Life of Pi – for those of you who haven’t read it or seen the film – is about a trans-Pacific boat ride made by a teenage boy and a tiger. The novel is structured in three parts – the first section alternates between: a) passages about a Yann Martel-foil meeting the “real” Piscine “Pi” Patel in the present and b) reflections of Pi’s childhood growing up as a zookeeper’s son in Pondicherry, India. During the Emergency (see Rohinton Mistry’s A Fine Balance), Pi’s parents decided to pack up and move to Canada. Although they were to give up their zookeeping life, a handful of their zoo animals would travel with them to be sold on to American zoos. In the flashback, everyone gets on the boat and this section of the novel ends.
Part Two is the story of Pi’s journey across the ocean in a lifeboat with a massive, hungry, tiger. There’s lots of graphic detail about catching, gutting and eating turtles and fish, but there are also beautiful evocations of loneliness and ingenuity, of hope and hopelessness, as well as fear and bravery and the usefulness of mythology.
The third – and shortest – part of the novel is presented as a transcribed dialogue between Pi and some insurance agents representing the owner of the sunken ship.
Pi, malnourished and freshly ashore, is recovering in a hospital bed while he recounts the story that the reader has just read. The insurance agents doubt the tale’s veracity (a tiger on a boat for nine months in the Pacific!?) and ask for the “truth”, so to appease them Pi tells them a second – much shorter, much less exciting and much bleaker – narrative about his time at sea. There are parallels between the two stories, and in the second there is a darker portrait of humanity, and a villain far less knowable that a simple – if terrifying – tiger.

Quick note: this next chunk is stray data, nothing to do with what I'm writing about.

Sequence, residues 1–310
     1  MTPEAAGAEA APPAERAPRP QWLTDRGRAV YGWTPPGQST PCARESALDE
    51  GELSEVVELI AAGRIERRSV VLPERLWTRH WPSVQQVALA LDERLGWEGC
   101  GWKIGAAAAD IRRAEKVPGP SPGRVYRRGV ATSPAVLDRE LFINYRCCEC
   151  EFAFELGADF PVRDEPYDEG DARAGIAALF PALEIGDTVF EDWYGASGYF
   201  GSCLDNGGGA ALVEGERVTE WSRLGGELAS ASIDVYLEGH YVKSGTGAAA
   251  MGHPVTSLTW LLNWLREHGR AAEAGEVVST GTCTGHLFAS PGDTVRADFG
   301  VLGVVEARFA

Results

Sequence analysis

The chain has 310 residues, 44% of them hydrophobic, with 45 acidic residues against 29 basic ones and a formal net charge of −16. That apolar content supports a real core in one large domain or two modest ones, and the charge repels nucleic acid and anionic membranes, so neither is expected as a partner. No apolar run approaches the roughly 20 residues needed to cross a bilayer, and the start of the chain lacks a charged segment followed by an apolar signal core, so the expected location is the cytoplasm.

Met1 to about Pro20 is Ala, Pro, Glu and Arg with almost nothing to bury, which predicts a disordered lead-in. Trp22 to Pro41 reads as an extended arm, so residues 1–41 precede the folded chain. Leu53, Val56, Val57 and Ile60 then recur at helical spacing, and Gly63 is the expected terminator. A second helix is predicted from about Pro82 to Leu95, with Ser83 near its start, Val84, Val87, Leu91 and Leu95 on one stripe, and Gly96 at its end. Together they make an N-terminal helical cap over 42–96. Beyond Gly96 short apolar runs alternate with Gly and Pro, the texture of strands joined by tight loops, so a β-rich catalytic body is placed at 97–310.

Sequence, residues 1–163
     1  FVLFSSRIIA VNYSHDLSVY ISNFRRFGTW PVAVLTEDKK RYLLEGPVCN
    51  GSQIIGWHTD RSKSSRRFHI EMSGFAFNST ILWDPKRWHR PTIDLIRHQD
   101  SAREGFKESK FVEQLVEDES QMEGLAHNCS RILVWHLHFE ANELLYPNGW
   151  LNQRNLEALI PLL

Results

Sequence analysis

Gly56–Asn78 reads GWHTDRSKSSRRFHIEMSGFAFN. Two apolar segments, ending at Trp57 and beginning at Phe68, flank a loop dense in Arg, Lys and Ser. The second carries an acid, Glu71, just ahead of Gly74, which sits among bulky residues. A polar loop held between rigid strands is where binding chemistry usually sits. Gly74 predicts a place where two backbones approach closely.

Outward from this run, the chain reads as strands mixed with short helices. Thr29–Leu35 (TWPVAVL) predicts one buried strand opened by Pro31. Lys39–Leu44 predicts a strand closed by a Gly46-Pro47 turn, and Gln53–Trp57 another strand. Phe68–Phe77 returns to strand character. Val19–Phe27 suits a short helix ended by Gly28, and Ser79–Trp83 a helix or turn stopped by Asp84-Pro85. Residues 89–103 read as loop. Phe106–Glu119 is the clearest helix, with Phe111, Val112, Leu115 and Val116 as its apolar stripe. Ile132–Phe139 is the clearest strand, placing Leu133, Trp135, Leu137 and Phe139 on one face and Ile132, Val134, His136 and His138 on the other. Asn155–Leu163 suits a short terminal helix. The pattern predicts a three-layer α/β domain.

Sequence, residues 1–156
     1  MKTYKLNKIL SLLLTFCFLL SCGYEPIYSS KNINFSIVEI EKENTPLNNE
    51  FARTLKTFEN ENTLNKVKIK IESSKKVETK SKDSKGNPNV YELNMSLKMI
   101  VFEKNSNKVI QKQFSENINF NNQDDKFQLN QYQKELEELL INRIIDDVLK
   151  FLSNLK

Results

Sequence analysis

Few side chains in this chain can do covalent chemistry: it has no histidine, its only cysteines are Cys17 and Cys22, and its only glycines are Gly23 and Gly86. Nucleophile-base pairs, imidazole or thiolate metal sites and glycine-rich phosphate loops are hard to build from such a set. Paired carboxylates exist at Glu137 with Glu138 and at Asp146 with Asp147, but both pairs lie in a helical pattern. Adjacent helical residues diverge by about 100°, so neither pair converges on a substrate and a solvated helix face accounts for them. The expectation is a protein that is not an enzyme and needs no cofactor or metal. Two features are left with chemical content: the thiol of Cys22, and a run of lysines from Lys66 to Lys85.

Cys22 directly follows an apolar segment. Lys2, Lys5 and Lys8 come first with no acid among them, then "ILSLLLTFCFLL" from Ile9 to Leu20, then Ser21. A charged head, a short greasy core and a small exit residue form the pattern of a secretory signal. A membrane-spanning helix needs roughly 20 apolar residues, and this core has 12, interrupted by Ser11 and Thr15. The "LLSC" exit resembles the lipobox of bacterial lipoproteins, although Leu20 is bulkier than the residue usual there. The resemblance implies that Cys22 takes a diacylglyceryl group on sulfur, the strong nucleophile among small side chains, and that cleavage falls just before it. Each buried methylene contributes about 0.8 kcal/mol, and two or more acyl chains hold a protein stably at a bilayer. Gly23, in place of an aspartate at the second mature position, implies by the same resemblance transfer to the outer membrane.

The third section is heartbreaking where the second was life-affirming; it is sad where the other was emotive. There is nothing exciting or unexpected here: only what is inevitable, only what is necessary, only what is human. It made me cry.
I stayed up for almost two hours – after getting in from work at one am – to finish Life of Pi, because I was enjoying it so much. It made me laugh and it made me cry. It made me feel a wide array of emotions, as it intended to, as the Booker judges promised me that it would.
I thoroughly enjoyed Life of Pi, like the uncomplex, unpretentious, simple man that I am. 😦
I was going to do a video of me singing a Lizzo song to emphasise my basic credentials but I’m not home alone and I don’t want to force my lover to endure the hour of awkward practising that would require. Also I’m too shy. And tired. Lololololololololol. laaaaaame
SCAT TO BE POO – AN ANTHOLOGY ABOUT POO
Now available, an anthology of writing about excrement, edited by Triumph of the Now’s scott manley hadley. PRICE INCLUDES SHIPPING unless you live on the moon or something. Featuring Fernando Sdrigotti, Karina Bush, Geoffrey Chaucer, Jonathan Swift, the Bible, Harry Gallon, Genia Blum, Guy Russell, Cubby the Dog, Jane Frances Dunlop, Paul Onuh, Kim Vodicka, Steve Denehan, Jaime Lynn Becker, Ramsey Daniels, Jordan Hamel, Giuseppe Manley, Logan K Young, Kiki von Kristmass, Liam Hogan, Maximillian Novak, Mazin Saleem, S Leese, Dawn Davies, Ben Jonson, Mel Black, Hania Habib, Rob True, Ana Reisens, Pam Knapp, James Joyce, Oliver Zarandi, Nick Carzana and Sadie Dingfelder.